The Labor Party is unlike any other party in the United States. We stand independent of the corporations and their political representatives in the Democratic and Republican parties. Our overall strategy is for the majority of American people — working class people — to take political power. Within this framework of class independence, with the ultimate goal of achieving power, we accept the electoral tactic of running candidates. The Labor Party will run candidates for public office in order to elect representatives to positions where they can help enact and enforce laws and policies to benefit the working class. We will run at governmental levels where we can best advance the goals and priorities of the Labor Party. Unlike other political parties, public officials elected by the Labor Party will be accountable to the party membership and required to follow the positions outlined in the party platform. Although we accept electoral politics as an important tactic, we do not see it as the only tool needed to achieve working class power.
"Unlike other political parties, the Labor Party will be active before, during and between elections, building solidarity in our communities, workplaces and unions. Labor Party candidates will be run only where our basic organizational criteria are met. The Labor Party will build into its electoral campaigns, and the periods between them, procedures to ensure political education and mobilization of the working class, further development of the party structure and growth in membership, and strengthened relationships to community and labor allies."
A party that is not primarily an electoral machine is an unfamiliar concept in this country. We can hardly fault the woman who naturally assumed that we would be running candidates against the Democrats.
The real source of working class power is the fact that we do the work of society. Our class creates all the wealth, heals the sick, teaches our kids, and fights the wars. We develop our program, and mount our actions, primarily in our workplaces and the streets of our communities. The Labor Party sees our electoral activity evolving from these struggles as we win over the majority of the labor movement and recruit large numbers of individual members in the community. Election victories will follow, and register, victories won in other struggles.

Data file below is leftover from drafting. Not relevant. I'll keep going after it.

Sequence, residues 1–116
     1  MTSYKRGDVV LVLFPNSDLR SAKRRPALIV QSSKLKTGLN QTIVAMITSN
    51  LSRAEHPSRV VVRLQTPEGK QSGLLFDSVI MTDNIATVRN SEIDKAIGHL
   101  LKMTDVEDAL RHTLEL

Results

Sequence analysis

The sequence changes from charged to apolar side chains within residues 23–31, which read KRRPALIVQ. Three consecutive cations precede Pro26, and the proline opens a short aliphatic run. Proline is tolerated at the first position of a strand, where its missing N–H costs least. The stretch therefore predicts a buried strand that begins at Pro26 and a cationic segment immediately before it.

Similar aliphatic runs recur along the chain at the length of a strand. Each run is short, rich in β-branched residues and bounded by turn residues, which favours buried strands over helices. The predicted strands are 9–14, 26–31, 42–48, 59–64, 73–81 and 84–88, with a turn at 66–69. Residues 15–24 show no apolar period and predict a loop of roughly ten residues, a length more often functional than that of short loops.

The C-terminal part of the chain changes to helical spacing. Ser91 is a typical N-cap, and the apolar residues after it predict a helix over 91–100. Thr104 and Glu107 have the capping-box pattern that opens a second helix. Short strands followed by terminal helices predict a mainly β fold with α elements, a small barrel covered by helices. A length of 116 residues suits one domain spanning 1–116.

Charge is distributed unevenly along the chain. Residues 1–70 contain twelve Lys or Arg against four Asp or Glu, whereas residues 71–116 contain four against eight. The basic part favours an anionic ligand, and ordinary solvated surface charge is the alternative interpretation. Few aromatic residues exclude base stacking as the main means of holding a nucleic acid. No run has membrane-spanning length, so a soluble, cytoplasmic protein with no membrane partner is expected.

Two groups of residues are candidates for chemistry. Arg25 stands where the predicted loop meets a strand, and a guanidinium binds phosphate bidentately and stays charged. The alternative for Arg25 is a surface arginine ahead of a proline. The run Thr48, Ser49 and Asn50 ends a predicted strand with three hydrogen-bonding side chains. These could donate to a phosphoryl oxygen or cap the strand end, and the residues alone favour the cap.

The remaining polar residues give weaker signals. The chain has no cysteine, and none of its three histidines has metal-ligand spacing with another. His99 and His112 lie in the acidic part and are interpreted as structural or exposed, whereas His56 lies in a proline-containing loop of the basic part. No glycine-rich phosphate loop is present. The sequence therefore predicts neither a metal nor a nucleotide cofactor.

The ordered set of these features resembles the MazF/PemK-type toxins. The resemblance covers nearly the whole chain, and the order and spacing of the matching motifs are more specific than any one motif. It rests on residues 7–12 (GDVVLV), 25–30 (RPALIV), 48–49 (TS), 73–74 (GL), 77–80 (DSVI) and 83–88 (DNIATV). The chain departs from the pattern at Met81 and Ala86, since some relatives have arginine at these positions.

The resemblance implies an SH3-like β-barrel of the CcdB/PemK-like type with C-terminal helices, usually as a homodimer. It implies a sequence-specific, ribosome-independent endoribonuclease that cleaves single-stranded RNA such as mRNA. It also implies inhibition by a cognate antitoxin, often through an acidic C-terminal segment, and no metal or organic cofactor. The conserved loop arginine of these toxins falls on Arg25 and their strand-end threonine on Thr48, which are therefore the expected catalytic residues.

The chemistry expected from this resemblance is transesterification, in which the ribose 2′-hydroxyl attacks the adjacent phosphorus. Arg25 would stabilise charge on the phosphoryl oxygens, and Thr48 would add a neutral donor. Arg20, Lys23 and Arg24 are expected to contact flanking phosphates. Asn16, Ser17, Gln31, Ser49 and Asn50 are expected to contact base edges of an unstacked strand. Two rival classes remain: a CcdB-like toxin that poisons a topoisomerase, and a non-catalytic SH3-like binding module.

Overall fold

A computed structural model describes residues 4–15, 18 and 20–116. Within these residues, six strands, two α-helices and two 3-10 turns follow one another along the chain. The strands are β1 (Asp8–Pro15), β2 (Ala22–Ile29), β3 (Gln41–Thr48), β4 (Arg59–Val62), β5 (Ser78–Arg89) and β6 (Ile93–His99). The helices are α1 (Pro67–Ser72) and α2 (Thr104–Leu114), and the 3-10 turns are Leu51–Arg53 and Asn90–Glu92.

Today the Labor Party is not leading mass struggles, has not yet won over the majority of organized labor, and counts our membership in the thousands, not the millions we ultimately strive for. We’re a long way off from being able to run credible election campaigns.
The same electoral policy that mandates only credible campaigns of our own also prohibits the Labor Party from endorsing any other candidates.
So what do we do at election time? Should we call on the working class to boycott the elections and then proclaim a victory when the majority follow our lead?
That wouldn’t be taken very seriously by anyone. And we have the problem of affiliated unions who, while supporting our long term perspective, feel the pressure of their ranks, and other unions, to take a stand in this election. In 2004 that means "anybody but Bush."
Bob Mattingly, with whom I find myself in agreement on most labor issues, thinks we should rebuke such unions, and Labor Party leaders who carry out the decisions of their unions, that publicly support the Democrats. While this might guarantee some "purity" it would also guarantee becoming a shrinking sect, a "labor" party cutting itself off from those in labor who are making a good faith effort to find some way to advance working class political action.
As in 1996 and 2000 most Labor Party affiliates will grit their teeth and join the rest of the labor movement in endorsing Democrats. That’s a reality that reflects our organizational weakness, our inability at the present to project ourselves as a credible alternative.
Like Brother Mattingly I think this is a mistake. I have never voted for a Democrat or Republican and never will.
But I don't view mistaken trade unionists as the enemy. The indicated answer to this problem is to intensify our dialog and common activity with those willing to listen to us–not to rebuke them.
What we will do as the Labor Party in this election is to work to get our issue campaigns on the agenda of public debate. We won’t be asking those who agree with us for their vote; we will ask them to join the Labor Party to build a better future.
Bill Onasch is chair of the Kansas City LP Local Organizing Committee and represents Midwest chapters on the LP Interim National Council.